The House will wish to know what these rates mean in terms of subsidy payments. As an example, a typical local authority house would this year attract a basic subsidy of £202 a year in England and Wales. The comparable figure for last year was £148 a year.

The cost towards which the subsidy is payable in the all-in cost of dwellings, including erection and such items as land, roads, sewers and professional fees or salaries. The cost yardsticks, which set the upper limit to which erection costs may count for subsidy, have been reviewed and increased in England and Wales with effect from 15th April this year. This will in due course be reflected in the subsidy paid for houses completed.

The provisional estimate of expenditure in Great Britain on the 1967 Act subsidies in 1969–70, including supplementary subsidies, is £57 million, of which £10 million is in Scotland. The estimate for 1970–71, including supplementary subsidies, is £100 million, of which £19 million applies to Scotland, an increase of £43 million, or over 75 per cent. This is partially due to the extraordinary and unprecedented levels of interest rates in the previous year.

The total cost of Exchequer housing subsidies under the current and previous Acts is expected to be £207 million in 1970–71. Rather under half of this total arises from 1967 Act subsidies and rather over half from subsidies payable under earlier legislation. This total compares with £163 million in 1969–70.

It has frequently been pointed out that there are various defects in this subsidy. One is that it may not permit local authorities to borrow at a 4 per cent. rate of interest. At a time of rising interest rates the fact that the representative rate is based on the previous year's borrowing rates means that it does not fully reflect the current year's borrowing rates if they are higher. This situation is much less likely to arise in 1970–71. Borrowing rates in 1969–70 were very high, and as a result the representative rate for 1970–71 is higher than the borrowing rate has been for much of this year so far. If it does, local authorities will gain this year on the swings some of what they lost in previous years on the roundabouts. I hope that local authorities which are pressing ahead with necessary building programmes will in particular note that.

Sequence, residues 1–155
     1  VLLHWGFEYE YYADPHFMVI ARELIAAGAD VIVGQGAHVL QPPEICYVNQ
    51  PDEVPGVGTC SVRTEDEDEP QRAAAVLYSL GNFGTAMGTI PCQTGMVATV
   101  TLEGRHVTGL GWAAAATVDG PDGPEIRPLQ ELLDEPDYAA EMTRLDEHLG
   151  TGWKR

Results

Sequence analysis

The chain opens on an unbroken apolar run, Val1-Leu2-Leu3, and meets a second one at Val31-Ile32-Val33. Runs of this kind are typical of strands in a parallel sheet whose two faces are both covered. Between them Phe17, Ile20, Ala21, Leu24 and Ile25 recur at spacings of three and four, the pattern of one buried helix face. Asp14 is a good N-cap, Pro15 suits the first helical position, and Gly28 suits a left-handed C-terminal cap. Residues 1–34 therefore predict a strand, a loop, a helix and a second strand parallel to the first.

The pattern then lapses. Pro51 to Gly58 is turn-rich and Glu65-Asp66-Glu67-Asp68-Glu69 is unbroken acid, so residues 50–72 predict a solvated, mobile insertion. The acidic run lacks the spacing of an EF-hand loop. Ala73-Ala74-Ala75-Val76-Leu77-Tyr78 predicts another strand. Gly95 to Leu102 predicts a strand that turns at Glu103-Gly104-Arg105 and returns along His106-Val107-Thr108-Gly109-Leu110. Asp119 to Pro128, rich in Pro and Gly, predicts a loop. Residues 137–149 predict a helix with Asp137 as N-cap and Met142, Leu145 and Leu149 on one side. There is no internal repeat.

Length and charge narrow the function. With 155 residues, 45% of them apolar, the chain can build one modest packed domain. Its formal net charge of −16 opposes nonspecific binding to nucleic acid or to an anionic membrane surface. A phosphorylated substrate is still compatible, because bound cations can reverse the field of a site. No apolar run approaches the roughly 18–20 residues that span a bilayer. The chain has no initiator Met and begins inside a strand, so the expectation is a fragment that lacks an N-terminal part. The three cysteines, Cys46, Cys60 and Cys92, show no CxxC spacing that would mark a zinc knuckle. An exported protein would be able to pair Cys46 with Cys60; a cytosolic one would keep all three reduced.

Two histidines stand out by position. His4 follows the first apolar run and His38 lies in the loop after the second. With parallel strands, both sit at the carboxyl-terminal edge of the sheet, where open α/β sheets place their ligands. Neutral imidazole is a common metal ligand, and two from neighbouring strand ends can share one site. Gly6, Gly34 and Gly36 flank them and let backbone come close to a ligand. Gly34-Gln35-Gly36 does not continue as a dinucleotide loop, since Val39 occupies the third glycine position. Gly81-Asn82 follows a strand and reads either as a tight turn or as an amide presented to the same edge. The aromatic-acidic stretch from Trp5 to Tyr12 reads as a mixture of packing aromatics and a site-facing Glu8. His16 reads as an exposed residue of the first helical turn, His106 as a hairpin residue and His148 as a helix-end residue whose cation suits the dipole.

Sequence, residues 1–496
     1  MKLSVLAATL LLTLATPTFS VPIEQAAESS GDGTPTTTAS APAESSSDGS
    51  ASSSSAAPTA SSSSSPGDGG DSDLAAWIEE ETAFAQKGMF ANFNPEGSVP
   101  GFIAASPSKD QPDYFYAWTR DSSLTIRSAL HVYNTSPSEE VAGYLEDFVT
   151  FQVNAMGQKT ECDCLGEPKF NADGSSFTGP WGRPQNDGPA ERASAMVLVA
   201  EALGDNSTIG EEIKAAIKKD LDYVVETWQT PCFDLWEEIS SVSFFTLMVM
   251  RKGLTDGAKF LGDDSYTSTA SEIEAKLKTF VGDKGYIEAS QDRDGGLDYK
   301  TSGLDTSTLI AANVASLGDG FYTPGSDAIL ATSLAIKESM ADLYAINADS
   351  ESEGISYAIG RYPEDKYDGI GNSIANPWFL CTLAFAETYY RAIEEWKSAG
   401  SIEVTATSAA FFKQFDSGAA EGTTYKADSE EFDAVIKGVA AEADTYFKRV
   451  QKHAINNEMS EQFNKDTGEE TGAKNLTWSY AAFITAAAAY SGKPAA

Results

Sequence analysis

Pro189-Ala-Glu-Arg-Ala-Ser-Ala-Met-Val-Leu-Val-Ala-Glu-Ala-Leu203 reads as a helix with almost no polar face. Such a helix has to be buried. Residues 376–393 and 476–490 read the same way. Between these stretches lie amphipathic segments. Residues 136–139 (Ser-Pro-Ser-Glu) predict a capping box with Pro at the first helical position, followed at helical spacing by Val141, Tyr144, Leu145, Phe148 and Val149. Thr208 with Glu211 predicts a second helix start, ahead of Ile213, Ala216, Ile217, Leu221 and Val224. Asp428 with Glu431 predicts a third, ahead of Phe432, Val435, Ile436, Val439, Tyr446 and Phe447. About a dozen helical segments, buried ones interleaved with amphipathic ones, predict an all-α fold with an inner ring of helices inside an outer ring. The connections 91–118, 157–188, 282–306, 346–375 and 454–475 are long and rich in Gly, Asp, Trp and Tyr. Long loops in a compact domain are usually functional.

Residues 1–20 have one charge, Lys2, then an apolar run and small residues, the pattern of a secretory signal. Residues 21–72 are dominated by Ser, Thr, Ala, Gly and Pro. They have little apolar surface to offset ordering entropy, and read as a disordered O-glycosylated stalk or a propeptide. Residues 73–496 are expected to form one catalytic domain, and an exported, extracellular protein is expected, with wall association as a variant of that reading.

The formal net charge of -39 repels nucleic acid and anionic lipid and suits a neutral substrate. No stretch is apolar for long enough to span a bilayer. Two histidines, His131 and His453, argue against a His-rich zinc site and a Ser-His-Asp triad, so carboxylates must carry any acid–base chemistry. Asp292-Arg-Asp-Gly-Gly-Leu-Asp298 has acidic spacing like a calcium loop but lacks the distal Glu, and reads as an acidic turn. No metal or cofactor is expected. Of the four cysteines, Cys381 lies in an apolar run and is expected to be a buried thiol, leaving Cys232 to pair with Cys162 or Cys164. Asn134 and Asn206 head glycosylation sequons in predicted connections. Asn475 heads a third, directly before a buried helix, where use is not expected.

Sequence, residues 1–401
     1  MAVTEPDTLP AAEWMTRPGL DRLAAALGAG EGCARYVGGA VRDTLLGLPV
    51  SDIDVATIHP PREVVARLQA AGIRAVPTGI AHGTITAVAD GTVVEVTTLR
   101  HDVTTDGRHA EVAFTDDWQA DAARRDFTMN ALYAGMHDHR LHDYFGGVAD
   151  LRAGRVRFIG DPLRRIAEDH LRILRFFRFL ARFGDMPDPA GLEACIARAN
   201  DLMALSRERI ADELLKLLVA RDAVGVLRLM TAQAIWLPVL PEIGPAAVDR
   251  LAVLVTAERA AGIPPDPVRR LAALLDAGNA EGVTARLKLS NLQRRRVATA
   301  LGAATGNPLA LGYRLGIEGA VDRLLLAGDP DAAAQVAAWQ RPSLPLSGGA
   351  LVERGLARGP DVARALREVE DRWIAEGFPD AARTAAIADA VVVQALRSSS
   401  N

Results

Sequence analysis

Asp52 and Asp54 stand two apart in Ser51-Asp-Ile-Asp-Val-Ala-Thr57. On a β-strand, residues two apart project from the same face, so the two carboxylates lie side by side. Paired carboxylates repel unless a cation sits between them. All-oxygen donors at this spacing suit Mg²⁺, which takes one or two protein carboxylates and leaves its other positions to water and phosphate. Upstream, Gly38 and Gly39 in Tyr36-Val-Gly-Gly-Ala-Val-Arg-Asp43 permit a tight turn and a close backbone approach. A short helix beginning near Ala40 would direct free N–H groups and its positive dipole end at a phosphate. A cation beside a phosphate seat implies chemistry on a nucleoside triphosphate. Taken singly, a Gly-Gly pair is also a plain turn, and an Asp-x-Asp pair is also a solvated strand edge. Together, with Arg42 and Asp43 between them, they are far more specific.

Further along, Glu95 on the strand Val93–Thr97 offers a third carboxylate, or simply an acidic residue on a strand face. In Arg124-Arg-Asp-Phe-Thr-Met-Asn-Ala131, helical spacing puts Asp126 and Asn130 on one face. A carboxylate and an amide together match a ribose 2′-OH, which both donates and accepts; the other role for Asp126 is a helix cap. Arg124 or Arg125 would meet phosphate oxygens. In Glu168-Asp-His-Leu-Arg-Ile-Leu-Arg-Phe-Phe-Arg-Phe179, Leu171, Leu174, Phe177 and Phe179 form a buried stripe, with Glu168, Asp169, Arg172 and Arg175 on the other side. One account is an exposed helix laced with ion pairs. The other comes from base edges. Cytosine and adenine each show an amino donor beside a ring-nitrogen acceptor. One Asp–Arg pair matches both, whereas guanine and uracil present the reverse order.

There are other difficulties arising from the refinancing of maturing debt, which on another occasion I should have dwelt on at some length, but perhaps the House will forgive me for not doing so tonight.

I imagine that discussion on the whole system of housing subsidies would be out of order tonight. But I must stress that in asking the House to approve the Order we are only asking it to approve the rate of basic subsidy for dwellings completed in this financial year. We are not asking it to endorse the present subsidy system. Indeed, we are committed to refashioning the subsidy system to give most help to those local authorities and individuals who most need it, and that is what we shall do when we have worked out our plans and consulted the local authority associations. The House will not expect me to go further this evening. This will require a great deal of work and consultation.

Tonight I hope that the House will pass the Order so as to enable the representative rate of interest to be fixed.

1.7 a.m.

Mr. Reginald Freeson (Willesden, East)

It is my pleasant duty to offer my congratulations to the Parliamentary Secretary. Although we have crossed swords once at Question Time since the change of Government, this is the first occasion on which I can properly congratulate him on his appointment. I wish him well in what I know is a very difficult task. I do not wish him long tenure of his office, of course. There will be occasions when we shall be rather abrasive with one another, but I believe that we shall never be led to be personally abrasive. I have a personal regard for the hon. Gentleman, and, apart from basic policy differences, I shall be glad to co-operate in trying to tackle the housing problems in all their complexity that fact our urban areas and that people living in them. I welcome the hon. Gentleman's appointment and congratulate him.

The Orders with which we are dealing must be welcomed by my side of the House. They were in preparation under the previous Government. I do not propose to emulate the Parliamentary Secretary's hon. Friend the Member for Crosby (Mr. Graham Page), now Minister of State, who, when on this side of the House, used to make a practice of explaining the Government's own Orders, usually at somewhat greater length than the Minister presenting them to the House.

I should like to take the opportunity to put one or two relevant questions, to put the background to some of the hon. Gentleman's observations. I have no questions or comments on the details of the order because, as I have said, it was in preparation by the Labour Government.